Mission to Mars closed in November 1992. But this time, the closing wasn’t to make way for a major update or brand new attraction. Except for a short period in 1996, when part of the building was used for the temporary Toy Story Funhouse, the former Mission to Mars was simply shut. It was part of a sad corner of Disneyland with several other shuttered attractions that weren’t replaced until years later (or not replaced at all): America Sings (closed 1988), the Skyway to Fantasyland (closed 1994), and the PeopleMover (closed 1995).

Photo of new Moonliner and Redd Rockett’s Pizza Port.
The Rocket Rods ride passes right above Redd Rockett’s Pizza Port.

In 1998, the building was transformed into Redd Rockett’s Pizza Port restaurant, as part of the new New Tomorrowland project. A new Moonliner, approximately two thirds the height of the original, landed near the restaurant’s entrance. The 1998 Moonliner is red-and-white, just like the original—only now it’s the red-and-white color scheme of Coca Cola, not the red-and-white color scheme of TWA.

Photo of refreshment seating at the new Moonliner
The 1998 Moonliner is “Delivering Refreshment to a Thirsty Galaxy.”

The sponsors of Rocket to the Moon are now yester-companies. American Airlines acquired the assets of Trans World Airlines (TWA) in 2001, marking the end of the once-mighty global carrier TWA. Aerospace manufacturer Douglas Aircraft Company merged with the McDonnell Aircraft in 1967 to form McDonnell Douglas (the sponsor of Flight to the Moon). When McDonnell Douglas merged with Boeing in 1997 to form The Boeing Company, it was the end of the Douglas name and the “DC” (Douglas Commercial) series of airliners.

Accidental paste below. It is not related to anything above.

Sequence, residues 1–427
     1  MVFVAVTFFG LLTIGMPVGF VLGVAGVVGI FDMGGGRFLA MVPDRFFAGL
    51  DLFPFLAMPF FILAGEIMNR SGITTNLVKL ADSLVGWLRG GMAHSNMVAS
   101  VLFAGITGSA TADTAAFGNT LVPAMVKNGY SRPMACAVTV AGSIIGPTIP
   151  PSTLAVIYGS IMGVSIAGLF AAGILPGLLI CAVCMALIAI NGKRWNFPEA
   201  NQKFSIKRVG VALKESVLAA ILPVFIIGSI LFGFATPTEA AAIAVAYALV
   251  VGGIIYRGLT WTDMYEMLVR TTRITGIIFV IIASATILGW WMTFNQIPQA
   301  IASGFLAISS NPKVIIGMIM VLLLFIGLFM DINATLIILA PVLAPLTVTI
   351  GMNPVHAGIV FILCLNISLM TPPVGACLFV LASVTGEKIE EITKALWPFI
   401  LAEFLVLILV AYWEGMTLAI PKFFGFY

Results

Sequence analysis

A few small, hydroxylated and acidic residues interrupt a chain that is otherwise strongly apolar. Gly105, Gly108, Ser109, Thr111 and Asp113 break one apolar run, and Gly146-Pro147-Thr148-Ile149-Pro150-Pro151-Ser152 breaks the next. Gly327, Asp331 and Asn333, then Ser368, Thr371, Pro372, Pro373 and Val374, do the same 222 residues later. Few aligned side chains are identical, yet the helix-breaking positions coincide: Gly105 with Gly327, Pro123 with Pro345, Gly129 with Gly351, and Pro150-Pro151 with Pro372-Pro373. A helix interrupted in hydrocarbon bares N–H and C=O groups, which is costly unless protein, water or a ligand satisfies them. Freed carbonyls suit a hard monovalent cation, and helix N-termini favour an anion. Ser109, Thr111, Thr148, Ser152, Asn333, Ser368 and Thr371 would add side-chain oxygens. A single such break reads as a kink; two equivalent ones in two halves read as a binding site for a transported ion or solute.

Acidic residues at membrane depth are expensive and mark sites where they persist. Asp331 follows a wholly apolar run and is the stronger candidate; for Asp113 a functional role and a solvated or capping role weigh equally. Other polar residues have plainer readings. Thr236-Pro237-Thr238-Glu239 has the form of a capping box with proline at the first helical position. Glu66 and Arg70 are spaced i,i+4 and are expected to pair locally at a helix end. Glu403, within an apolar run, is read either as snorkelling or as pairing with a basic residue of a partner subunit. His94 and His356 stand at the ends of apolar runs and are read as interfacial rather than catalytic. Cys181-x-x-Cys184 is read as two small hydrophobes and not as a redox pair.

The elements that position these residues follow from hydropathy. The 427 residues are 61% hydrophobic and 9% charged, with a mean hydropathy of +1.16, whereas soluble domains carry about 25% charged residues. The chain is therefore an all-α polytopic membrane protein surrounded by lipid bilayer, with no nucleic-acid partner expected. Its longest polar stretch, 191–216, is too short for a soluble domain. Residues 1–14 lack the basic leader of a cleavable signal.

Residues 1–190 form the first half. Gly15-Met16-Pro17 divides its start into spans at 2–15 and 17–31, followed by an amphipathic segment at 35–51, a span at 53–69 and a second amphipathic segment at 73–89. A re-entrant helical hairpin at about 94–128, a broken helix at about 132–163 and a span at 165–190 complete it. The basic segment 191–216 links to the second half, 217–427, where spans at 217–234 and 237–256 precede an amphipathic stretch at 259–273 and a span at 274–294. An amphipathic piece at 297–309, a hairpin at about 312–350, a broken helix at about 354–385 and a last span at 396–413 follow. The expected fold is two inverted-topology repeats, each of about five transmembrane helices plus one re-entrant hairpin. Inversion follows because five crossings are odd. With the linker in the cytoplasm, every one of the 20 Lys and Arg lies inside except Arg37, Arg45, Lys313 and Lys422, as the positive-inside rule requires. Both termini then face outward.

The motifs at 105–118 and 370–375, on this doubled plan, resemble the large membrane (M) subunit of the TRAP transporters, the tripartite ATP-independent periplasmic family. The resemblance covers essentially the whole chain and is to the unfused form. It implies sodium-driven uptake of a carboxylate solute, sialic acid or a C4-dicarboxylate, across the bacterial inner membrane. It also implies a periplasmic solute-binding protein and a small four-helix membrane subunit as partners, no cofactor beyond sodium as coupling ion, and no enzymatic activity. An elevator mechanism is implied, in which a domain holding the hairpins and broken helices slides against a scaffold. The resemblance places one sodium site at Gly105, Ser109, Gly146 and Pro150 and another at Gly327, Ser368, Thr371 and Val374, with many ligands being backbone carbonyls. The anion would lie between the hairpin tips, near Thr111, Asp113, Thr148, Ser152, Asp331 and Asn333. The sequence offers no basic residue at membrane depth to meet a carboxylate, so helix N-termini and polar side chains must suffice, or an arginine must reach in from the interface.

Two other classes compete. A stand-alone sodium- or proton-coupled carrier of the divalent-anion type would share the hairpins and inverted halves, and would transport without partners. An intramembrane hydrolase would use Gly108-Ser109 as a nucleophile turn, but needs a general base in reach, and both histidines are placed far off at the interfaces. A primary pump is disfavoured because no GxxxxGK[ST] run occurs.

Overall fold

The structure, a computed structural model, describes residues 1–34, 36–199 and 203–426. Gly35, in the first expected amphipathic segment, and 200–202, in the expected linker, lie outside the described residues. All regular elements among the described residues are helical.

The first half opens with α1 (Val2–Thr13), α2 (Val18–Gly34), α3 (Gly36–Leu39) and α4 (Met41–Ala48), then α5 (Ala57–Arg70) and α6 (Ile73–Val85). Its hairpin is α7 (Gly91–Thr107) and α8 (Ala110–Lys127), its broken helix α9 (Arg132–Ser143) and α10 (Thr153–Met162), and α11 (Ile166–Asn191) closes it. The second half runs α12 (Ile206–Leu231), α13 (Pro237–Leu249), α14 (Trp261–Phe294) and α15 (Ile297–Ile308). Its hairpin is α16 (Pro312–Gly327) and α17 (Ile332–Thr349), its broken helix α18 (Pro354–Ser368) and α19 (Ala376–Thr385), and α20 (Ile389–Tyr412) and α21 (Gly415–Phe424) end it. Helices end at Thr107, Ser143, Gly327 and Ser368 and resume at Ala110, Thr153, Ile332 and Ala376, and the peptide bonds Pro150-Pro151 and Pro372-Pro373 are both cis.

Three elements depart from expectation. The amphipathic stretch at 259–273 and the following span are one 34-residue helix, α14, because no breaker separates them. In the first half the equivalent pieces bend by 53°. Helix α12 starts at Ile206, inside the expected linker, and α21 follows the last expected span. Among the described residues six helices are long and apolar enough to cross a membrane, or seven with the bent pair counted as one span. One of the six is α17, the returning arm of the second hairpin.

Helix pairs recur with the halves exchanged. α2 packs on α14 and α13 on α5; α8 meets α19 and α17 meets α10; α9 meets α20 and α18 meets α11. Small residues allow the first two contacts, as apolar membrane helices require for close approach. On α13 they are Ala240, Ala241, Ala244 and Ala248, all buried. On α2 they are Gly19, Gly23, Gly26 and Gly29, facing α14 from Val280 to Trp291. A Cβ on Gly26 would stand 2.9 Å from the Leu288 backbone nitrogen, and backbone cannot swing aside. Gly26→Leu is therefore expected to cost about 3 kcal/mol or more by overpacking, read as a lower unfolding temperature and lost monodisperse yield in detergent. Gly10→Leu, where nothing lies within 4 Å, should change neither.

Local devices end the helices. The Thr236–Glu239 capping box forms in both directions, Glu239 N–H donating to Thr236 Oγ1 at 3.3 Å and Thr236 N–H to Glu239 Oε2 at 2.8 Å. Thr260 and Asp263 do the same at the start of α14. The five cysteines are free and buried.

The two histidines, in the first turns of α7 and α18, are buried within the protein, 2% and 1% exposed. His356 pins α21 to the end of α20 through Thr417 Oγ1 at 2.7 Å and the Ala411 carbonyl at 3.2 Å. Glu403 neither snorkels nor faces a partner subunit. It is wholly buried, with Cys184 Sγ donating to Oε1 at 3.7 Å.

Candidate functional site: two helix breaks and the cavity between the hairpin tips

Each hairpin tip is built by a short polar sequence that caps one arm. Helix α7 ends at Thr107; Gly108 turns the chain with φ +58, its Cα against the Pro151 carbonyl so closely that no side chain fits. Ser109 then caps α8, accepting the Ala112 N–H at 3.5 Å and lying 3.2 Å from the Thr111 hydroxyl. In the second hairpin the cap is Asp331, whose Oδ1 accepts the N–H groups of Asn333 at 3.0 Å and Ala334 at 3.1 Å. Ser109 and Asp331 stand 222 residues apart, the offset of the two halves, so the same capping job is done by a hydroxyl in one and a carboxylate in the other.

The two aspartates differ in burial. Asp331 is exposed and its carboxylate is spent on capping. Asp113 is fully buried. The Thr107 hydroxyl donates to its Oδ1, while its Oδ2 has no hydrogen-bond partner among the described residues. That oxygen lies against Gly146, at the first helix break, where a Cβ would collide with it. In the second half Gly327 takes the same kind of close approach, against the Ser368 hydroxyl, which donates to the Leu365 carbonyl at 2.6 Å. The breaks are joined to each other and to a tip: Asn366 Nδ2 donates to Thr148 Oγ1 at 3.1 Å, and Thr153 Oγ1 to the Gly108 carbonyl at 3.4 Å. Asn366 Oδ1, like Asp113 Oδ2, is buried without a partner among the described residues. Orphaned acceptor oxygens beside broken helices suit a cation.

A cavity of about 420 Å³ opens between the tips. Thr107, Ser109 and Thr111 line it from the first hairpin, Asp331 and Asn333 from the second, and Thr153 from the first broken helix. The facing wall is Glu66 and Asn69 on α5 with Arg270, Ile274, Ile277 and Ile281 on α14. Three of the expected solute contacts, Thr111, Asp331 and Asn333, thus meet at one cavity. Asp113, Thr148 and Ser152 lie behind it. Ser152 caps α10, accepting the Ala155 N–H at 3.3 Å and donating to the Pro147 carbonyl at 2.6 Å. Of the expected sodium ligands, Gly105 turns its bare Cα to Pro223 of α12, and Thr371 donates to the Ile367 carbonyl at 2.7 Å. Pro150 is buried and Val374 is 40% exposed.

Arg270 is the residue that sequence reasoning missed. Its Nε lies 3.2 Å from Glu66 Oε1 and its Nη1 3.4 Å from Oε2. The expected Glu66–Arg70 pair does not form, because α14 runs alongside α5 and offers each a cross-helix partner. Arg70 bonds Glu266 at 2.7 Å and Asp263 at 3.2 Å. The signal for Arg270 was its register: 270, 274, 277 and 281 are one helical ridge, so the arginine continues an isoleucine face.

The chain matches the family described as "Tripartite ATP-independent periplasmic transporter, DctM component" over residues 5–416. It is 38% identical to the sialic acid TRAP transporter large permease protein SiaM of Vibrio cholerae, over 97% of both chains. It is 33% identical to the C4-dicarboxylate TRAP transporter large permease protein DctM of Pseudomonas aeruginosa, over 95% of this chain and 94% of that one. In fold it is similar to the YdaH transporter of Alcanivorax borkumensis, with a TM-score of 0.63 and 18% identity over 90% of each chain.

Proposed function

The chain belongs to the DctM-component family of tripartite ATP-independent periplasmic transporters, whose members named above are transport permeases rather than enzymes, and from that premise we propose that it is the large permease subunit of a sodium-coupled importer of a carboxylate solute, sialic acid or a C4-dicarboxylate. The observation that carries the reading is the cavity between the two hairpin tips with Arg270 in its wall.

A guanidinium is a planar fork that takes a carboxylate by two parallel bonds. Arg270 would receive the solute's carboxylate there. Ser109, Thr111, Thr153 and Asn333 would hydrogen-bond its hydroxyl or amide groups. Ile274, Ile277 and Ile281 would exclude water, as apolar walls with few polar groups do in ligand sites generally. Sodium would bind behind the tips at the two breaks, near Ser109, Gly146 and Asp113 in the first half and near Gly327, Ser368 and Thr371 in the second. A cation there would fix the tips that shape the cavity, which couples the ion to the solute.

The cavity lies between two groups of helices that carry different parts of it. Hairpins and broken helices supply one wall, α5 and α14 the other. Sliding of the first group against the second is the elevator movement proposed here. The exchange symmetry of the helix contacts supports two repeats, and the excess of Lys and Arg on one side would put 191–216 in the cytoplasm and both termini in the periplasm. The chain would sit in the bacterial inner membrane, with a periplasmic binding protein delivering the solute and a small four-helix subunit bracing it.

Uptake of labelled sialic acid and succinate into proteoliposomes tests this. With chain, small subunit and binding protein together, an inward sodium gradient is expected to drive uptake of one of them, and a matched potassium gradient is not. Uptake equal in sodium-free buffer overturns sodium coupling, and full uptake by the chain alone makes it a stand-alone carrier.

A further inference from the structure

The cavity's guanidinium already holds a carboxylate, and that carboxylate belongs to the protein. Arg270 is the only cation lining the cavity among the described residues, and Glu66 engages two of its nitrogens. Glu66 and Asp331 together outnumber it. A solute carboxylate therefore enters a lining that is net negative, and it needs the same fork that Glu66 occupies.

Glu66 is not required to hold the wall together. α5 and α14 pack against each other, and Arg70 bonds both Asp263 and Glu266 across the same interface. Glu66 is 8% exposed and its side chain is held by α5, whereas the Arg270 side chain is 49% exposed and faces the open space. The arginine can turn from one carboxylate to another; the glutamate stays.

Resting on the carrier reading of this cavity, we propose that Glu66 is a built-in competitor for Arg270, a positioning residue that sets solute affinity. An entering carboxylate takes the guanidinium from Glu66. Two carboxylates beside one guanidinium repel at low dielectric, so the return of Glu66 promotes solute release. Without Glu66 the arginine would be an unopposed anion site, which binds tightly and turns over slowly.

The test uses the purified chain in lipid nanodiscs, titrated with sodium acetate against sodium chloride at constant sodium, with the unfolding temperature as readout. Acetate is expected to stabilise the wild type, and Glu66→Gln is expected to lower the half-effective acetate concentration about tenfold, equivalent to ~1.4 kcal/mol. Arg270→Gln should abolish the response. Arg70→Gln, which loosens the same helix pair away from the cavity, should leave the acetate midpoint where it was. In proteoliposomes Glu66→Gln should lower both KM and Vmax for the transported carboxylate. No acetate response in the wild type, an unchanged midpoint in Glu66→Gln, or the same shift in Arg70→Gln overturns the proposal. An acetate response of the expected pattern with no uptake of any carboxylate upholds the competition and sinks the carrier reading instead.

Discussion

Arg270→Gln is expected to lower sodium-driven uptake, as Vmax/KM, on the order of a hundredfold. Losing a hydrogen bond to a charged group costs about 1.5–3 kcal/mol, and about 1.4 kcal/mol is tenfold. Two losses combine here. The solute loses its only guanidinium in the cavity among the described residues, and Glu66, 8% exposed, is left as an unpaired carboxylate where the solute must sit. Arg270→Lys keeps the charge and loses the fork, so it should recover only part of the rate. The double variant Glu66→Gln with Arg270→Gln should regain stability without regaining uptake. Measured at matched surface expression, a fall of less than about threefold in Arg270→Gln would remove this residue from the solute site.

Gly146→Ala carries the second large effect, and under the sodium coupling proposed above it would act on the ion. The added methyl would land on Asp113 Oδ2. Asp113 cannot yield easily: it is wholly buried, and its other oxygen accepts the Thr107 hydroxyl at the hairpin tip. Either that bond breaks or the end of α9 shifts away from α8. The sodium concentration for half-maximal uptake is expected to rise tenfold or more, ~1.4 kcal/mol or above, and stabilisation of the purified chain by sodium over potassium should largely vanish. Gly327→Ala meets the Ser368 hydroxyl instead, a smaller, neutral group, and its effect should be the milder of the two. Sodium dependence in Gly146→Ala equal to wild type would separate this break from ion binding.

Photo of Stitch’s Great Escape! exterior
Stitch’s Great Escape! in Tomorrowland at Magic Kingdom Park.

When Walt Disney World opened in 1971, Flight to the Moon was one of the original attractions at Magic Kingdom Park. As at Disneyland Park, it became Mission to Mars in 1975. Twenty years later, The ExtraTERRORestrial Alien Encounter, an intense, fear-inducing attraction, replaced Mission to Mars in 1995. Stitch’s Great Escape! starring the less-menacing alien from Disney’s Lilo & Stitch (2002), replaced Alien Encounter in 2004.

The pre-shows changed; the main shows changed; and the decor changed. But these attractions all used the same infrastructure with a single stand-up pre-show area that led to two round theaters with concentric circles of tiered seating.


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© 1997-2010 Werner Weiss — Disclaimers, Copyright, and Trademarks

Updated January 15, 2010.

Photo of TWA Moonliner at Rocket to the Moon: by Charles R. Lympany, courtesy of Chris Taylor.
Photo of the twin domes of Rocket to the Moon: 1959 by Fred M. Nelson, Sr.
Photo of Astro-Jets and Rocket to the Moon: by Charles R. Lympany, courtesy of Chris Taylor.
Photo of Rocket to the Moon show building: 1958 by Merrill A. Garner.
The Moonliner in the 1955 model at The First 50 Magical Years: 2006 by Werner Weiss.
Photo of Mission to Mars exterior: 1991 bt Chris Bales.
Photo of Mission to Mars interior: 1995 by Chris Bales.
Photo of new Moonliner and Redd Rockett’s Pizza Port: 2000 by Werner Weiss.
Photo of refreshment seating at the new Moonliner: 2005 by Allen Huffman.
Stitch’s Great Escape! in Magic Kingdom Park: 2007 by Werner Weiss.